Community Spotlight: Enzo Ferrante, Researcher in Computational Methods for Biomedical Image Analysis

For this month’s community spotlight, meet Dr. Enzo Ferrante! Enzo’s an Argentina-based computer scientist in medical imaging and a strong advocate for open access. His two main inspirations were his Mum and video games, who never got on too well… Discover what open access means for developing economies in Latin America and scientific communities around the world!

Nia Cason: Hi Enzo, could you introduce yourself in a few words?

Enzo Ferrante: I’m a computer scientist working in Argentina, which is where I’m originally from. I did my undergrad studies at UNICEN University, in Tandil, Argentina, then I moved to France to do my PhD in computer sciences at the Center for Visual Computing. I then did a post doc at the Biomedia Group at Imperial College London. After that, I received this fellowship from the AXA Research Fund to come back to Argentina, where I joined the sinc(i) Research institute for signals, systems, and computational intelligence at the Universidad Nacional del Litoral in Santa Fe city, so I’m currently a post doc researcher, and by next year I’ll be becoming a permanent researcher here.

NC: What’s your speciality in computer sciences?

EF: My research topic is medical image computing, so how we can use computers to understand medical images. Essentially, I investigate how artificial intelligence can be applied to medical images, such as magnetic resonance and computer tomography images of the brain and body. My work involves building algorithms to help doctors understand these images – I’m mostly dedicated to research, but I’ve started to take on more students and teaching responsibilities on image processing classes.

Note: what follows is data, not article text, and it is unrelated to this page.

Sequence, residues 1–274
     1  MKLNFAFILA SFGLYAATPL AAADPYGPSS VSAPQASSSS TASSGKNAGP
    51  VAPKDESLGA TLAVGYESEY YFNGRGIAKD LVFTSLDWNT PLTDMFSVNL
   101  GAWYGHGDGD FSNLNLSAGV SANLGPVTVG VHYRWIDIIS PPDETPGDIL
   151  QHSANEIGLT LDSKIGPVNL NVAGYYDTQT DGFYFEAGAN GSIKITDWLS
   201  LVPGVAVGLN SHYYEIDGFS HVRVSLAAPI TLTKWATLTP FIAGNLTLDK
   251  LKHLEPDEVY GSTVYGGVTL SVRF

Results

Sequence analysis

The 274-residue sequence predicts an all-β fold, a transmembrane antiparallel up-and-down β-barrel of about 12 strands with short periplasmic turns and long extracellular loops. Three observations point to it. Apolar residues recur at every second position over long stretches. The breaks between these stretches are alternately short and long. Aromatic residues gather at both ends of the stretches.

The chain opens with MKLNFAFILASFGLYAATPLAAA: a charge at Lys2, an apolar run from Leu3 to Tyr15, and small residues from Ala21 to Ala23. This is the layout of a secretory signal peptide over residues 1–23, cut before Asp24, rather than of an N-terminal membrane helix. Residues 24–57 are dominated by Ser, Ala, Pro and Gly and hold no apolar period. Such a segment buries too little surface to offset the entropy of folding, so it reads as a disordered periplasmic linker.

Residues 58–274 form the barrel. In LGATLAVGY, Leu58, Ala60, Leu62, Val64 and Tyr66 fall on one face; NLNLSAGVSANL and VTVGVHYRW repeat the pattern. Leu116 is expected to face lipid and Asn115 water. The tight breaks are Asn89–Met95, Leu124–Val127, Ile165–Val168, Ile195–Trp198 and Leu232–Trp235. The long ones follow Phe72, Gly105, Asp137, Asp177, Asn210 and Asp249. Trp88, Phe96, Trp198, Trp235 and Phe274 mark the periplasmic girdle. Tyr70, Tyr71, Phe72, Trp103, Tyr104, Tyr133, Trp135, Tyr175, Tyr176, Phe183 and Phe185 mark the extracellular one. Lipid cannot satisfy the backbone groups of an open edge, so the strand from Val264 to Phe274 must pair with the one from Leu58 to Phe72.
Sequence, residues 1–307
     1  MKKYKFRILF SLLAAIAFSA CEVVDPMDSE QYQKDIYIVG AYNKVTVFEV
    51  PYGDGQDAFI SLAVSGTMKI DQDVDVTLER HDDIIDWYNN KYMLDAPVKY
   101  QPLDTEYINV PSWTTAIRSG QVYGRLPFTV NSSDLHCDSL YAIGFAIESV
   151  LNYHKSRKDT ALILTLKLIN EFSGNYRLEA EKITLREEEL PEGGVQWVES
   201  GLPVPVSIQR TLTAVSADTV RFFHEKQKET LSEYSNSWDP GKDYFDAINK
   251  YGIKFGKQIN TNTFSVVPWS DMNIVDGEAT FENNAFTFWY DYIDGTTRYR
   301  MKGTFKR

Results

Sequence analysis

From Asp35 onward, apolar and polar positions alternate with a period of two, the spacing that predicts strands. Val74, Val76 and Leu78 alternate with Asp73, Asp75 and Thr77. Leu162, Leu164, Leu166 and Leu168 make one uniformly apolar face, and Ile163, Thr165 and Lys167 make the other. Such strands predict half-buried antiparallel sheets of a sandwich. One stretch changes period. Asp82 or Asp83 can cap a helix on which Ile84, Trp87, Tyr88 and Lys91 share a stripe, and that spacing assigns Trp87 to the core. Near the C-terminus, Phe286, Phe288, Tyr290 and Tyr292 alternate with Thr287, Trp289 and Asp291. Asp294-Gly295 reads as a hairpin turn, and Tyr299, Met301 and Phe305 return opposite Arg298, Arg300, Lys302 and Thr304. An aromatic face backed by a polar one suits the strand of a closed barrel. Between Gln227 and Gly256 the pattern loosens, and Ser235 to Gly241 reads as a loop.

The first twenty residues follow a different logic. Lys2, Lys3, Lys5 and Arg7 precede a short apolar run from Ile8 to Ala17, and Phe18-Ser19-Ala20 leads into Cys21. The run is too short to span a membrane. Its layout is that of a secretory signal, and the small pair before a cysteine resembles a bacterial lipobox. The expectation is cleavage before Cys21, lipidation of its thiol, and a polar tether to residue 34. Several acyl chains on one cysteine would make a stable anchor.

NC: And will artificial intelligence replace doctors and/or take over the world?

EF: We try to find tools that’ll help medical doctors save time or flag things they might have overlooked, but no, we’re not trying to replace doctors! For example, the way medical doctors annotate images can be really time consuming – it can be done by a computer then the doctor can check it. It’s more like a kind of synergy between the doctor and the computer.

NC: What inspired you to choose this research topic?

EF: During my undergraduate degree, I realised that I wanted to apply my knowledge to help people. I discovered the field of medical image computing through some talks at my university. After deciding I wanted to do a PhD in the field, I found Nikos Paragios, who’s one of the most well-known professors in medical imaging. So then I moved to France.